Once the area was marked, I set off to get a few sets of survey photos from the ground. No biggie; just don’t choose the wrong spot to cross and fall to your death. On my way back I passed by the group, just watching my steps, hood on so as to keep the sun off my head and wind off my ears, when suddenly I heard the voices of everyone escalate and I realized they were calling out to me.

“Bailey! Don’t go over there!” they said.

“I thought you wanted some photos from up here,” I replied.

“Yeah, not anymore. We want to bring you back alive.”

Turned out they had heard that fearful sound of ice cracking, or hissing more like, akin to an invisible snake racing around their perimeter at a distance of about 40 feet, then a brief silence followed immediately by a rather loud thump and muffled splash accompanied with a slight shudder in the ice they were standing on.

So I snapped a couple quick photos from where I was and kind of jogged as best I could manage in cramp-ons to their position. We still had about an hour before the helo would be back to pick us up for the aerial shots, so I flipped over an empty bucket, copped a squat and started updating my field journal.

And then…the invisible snake returned, racing around us, a little closer in, followed immediately by that ominous thump and splash and a definite tremor – not a shudder, a tremor – in the ice. The mountaineer with us said, “I don’t want y’all to panic or anything, but I think we should go to the lower LZ.” We concurred in action, if not word as we rapidly got to our feet and were already headed down by the time he said, “LZ.”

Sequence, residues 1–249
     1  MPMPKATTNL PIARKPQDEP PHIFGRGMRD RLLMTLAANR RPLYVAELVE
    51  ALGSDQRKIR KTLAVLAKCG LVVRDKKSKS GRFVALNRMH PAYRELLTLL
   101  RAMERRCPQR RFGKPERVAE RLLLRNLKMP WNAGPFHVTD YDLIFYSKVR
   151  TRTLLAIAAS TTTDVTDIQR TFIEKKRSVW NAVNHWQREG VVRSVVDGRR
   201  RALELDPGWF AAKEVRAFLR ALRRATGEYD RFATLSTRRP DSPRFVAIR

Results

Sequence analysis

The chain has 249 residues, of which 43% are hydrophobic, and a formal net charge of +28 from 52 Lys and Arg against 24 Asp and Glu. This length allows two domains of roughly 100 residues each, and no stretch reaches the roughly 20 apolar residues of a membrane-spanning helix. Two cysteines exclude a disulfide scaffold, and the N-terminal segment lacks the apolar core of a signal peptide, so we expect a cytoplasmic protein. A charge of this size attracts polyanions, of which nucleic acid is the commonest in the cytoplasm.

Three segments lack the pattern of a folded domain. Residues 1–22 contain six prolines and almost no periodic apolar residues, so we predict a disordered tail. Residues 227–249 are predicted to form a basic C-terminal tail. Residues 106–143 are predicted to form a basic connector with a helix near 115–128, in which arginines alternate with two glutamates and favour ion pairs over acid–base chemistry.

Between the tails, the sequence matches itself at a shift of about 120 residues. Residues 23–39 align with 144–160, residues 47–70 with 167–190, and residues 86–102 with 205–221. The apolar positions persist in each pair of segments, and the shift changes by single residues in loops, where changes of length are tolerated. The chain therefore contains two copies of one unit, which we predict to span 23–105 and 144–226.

And then…

CRASH! BANG! The whole glacier was shaking as we began our trek down. The moraine, the flat portion, shimmied and swayed as the ice came alive, opening up chasms right where we were about to step. The tremors were continuous as some crevasses closed and others widened into bottomless pits.

We lost Smitty, the wreckage recovery guy from the Air Force, about halfway down. Becky, the anthro tried to go after him, but Joe, the mountaineer kept her from plunging to her own death and shoved her out of immediate harm just as the ice opened up beneath him.

He fell but was able to catch himself with his ice axe. Becky and the plucky photographer looked back and were about to help him when he realized the ledge he was on was about to break loose.

“Fly, you fools!” he commanded, and then he was gone, claimed by the glacier.

The plucky photographer urged Becky on saying, “There’s no time for tears! We have to make it to the others and pray the helo’s on its way!”

The glacier cracked, groaned and roared as it succumbed to the devilry of global – er, manmade climate change. The two leapt across a crevasse; Becky stumbled as she landed and just then a dire yeti sprang from a hole in the ice, roaring with a chilling ferocity.